in the energy on the tax structure of the deal more than economic merits of the investor. frequently investors to these sophisticated product offers would boast about the money they save on taxes. seldom did they throw out the rate of return from the deal. occasionally they screamed when they had to recapture taxes. my goals and the goals of the firms and individuals are worked with are simple. make money by leveraging the creativity, talent and passion of on for mores. tax rates are part of the landscape. we are looking to leverage talent, not tax breaks. we manage risks, not the tax code. preferential tax rate for capital gains and dividendss are windfall for wealthy investors. in my view the special tax treatment is neither fair nor equitable more available to any other professional endeavour. gifted teacher who is inspiring and challenging our children and enriching human capital gets no such special treatment. i would caution members of the joint committee to be skeptical when people like me to testify to you. that we give lip service to the idea of the level playing field. we make campai
as important for the nation's economy. it reduces fuel burn, saves energy, and improves the environment. implementing this improves the efficiency and safety of aviation while adding jobs and strengthening our economy. the case for next generation has been and continues to be compelling. i would, again, like to thank you, mr. chairman, ranking member costello, and the committee for hosting the panel today. i look forward to any questions you might have. thank you, again, sir. >> thank you. mr. renadli. >> thank you, mr. chairman, members of the subcommittee, thank you for holding this hearing today. it's a catch all phrase over the last ten years that means everything to everybody in the aviation community. we are proud to be involvedded in the essential stake holder in nextgen development and participates in the advisory committee which mr. barger spoke of. the committee has done an outstanding job of simpling the elevator speech of what nextgen is. using satellite technology, reducing carbon emissions, using best technology to reduce voice community cations or voice saturation on fr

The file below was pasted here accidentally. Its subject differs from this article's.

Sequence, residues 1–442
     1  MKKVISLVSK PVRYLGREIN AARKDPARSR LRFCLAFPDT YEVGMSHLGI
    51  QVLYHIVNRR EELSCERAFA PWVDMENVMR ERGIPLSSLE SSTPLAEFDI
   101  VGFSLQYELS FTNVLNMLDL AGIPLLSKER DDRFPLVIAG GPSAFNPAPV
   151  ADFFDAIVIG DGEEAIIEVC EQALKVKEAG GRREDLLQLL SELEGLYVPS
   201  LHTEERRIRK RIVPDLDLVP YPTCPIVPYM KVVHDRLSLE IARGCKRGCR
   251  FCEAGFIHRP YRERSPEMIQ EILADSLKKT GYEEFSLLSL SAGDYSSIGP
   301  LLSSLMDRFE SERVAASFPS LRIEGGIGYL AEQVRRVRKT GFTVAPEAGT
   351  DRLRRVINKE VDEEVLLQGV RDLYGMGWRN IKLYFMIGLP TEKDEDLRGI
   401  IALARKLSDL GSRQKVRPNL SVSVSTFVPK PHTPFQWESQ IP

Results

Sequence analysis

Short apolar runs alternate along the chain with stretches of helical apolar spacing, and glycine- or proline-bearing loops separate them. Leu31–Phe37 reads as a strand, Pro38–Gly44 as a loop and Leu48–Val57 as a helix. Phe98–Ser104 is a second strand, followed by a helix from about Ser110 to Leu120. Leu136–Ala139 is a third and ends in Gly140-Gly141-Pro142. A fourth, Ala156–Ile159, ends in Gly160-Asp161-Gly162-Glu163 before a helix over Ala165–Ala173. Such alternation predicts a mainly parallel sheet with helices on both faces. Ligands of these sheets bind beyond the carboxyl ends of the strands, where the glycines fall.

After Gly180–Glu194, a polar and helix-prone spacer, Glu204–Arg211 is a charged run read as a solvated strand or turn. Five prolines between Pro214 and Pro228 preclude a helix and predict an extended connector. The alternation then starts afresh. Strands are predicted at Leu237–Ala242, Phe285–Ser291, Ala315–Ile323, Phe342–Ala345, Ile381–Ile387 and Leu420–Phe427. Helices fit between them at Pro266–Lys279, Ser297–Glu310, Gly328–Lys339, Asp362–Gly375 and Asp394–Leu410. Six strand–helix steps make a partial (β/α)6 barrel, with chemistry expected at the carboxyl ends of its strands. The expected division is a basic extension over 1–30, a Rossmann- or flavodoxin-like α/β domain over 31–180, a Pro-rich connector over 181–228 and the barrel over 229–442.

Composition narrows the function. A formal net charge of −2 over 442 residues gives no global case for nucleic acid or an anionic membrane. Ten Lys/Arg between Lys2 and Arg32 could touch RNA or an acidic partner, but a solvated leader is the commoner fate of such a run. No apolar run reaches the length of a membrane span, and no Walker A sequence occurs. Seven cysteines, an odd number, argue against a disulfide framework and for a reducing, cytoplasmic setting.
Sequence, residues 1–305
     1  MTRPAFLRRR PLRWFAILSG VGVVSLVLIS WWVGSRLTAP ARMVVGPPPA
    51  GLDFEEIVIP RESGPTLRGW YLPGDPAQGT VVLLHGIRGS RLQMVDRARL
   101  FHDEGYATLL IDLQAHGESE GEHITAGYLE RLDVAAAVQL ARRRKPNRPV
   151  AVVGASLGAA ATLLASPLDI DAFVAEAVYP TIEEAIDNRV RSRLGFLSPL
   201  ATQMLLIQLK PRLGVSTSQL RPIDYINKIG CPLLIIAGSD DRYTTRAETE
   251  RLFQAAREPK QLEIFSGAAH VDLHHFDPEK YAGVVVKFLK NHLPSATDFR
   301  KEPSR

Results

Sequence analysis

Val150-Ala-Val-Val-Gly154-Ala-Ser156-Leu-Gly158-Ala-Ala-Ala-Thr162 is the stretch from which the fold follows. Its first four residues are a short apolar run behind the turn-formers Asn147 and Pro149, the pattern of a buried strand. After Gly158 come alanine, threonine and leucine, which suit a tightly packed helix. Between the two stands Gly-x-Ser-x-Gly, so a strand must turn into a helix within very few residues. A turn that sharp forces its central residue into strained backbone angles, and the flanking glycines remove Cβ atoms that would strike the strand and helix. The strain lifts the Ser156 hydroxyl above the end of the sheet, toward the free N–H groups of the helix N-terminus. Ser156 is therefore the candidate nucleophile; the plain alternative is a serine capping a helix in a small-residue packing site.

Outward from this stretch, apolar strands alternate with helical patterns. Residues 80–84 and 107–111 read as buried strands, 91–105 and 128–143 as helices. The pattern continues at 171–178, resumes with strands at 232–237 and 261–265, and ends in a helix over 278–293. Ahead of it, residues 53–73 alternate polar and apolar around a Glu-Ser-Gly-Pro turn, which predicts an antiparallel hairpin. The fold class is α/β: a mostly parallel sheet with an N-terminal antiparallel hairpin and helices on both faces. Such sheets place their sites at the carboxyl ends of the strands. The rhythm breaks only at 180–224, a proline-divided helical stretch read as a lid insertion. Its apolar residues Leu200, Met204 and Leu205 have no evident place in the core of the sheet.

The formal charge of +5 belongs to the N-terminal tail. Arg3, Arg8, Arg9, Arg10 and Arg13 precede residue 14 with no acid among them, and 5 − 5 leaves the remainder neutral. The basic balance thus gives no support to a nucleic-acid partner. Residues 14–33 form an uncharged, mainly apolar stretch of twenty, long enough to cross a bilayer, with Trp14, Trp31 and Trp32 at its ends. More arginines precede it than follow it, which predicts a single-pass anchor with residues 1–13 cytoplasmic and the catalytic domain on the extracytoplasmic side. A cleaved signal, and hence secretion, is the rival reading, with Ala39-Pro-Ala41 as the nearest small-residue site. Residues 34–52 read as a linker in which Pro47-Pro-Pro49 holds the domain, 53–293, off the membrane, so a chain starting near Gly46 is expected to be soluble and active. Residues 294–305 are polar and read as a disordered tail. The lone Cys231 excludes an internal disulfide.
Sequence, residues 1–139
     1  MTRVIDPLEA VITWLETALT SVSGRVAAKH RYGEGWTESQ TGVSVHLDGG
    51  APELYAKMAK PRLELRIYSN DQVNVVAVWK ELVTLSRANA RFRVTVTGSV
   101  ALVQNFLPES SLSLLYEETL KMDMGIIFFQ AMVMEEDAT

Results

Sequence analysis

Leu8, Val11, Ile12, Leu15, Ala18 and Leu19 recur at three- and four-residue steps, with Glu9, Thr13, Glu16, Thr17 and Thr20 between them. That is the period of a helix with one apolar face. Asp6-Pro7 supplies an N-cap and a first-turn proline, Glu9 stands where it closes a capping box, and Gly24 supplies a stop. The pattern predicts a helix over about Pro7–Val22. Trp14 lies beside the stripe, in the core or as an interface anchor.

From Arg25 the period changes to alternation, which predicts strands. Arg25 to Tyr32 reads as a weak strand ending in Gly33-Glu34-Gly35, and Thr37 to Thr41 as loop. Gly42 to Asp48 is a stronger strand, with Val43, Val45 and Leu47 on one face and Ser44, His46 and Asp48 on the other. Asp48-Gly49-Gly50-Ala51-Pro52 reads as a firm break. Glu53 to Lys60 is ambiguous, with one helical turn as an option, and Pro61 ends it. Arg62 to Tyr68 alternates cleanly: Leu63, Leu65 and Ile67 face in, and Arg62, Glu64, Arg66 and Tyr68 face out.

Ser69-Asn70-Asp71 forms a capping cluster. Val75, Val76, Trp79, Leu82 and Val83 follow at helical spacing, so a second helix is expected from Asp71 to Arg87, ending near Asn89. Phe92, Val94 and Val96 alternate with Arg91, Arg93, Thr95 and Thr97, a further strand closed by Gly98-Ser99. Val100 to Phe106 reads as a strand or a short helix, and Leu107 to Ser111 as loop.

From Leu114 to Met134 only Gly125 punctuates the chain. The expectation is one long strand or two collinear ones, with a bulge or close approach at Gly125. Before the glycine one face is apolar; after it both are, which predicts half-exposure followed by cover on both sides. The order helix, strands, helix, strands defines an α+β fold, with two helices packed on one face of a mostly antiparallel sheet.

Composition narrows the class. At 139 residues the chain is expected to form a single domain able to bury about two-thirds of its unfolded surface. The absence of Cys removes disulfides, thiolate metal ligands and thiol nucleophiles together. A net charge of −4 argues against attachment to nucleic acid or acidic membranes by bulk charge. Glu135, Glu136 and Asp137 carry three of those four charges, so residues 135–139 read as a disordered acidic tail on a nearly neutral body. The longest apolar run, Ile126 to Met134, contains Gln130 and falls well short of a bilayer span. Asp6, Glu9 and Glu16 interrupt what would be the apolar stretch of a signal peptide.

. they didn't have to worry about national education policy, national energy policy, you know, terrorism policy. you just go down a whole litany of things that the modern congress which incidentally has consisted of the same number of people as the 1959. so you have more people or the same number of people trying to do so much more than they ever did. villagers of any kind just kind of destroy the institution. but i think that's one reason why the idea of returning to the old fashion -- let me say one final thing about watergate. watergate is a tribute to the upside of politically divided government. that is, richard nixon was run out of town because the democrats controlled congress. if the republicans have controlled congress this would not have happened. one of the things you do get with divided government is greater oversight of the president by the congress so that the current house of representatives is spending all of its time besides voting to repeal obamacare, trying to investigate the obama administration, and this is exactly what would be predicted. so what we have been is sep
. they have a right to the peaceful use of nuclear energy within the framework of the mpt and with a commitment, a commitment by all of these countries to honor their obligations in this respect, providing the necessary guarantees the countries of the region so as to remove any suspicion surrounding the intentions of these programs. mr. president, truth and dignity encompass in our view the framework that governs international relations. there is snow doubt that a review of these international relations will undoubtedly reveal the extent of injustice inflicted upon the african countries. i don't think i needs to go through the previous commitments that were made in this hall to both the development and economic growth in africa and through aid and investment. the world has a responsibility. the world has a responsibility to support the african efforts. beyond mere promises through providing the assistance needed to restore the treasures of african countries, restore them over executive hearings the last of which was once some form of supporting unjust regimes would assist
and getting the international energy agency to watch the iranians to make sure they don't go beyond they should be doing in the enrichment. about president has put in place very tough sanctions the toughest ever place in against iran, president obama has done that and reserved the right if absolutely necessary at the end of the day for the united states to use force. he is putting it out. he wants to focus on deputy. i worked for csh on the iran issue over three years, there's a remarkable similarity to me between the george w. bush policy in iran and the barack obama policy. i get the sense in my discussions with senators and congressman and women on capitol hill that there is a basic bipartisan support for the policy that the last two american presidents have undertaj. we don't want to go to war or open the possibility of a third land war in the middle east after afghanistan and iraq. we to focus on the diplomacy. we want to be tough minded and protect real israel and protect our finds in the arab world. i think that's what he's trying to do. i think it's a sensible policy we ough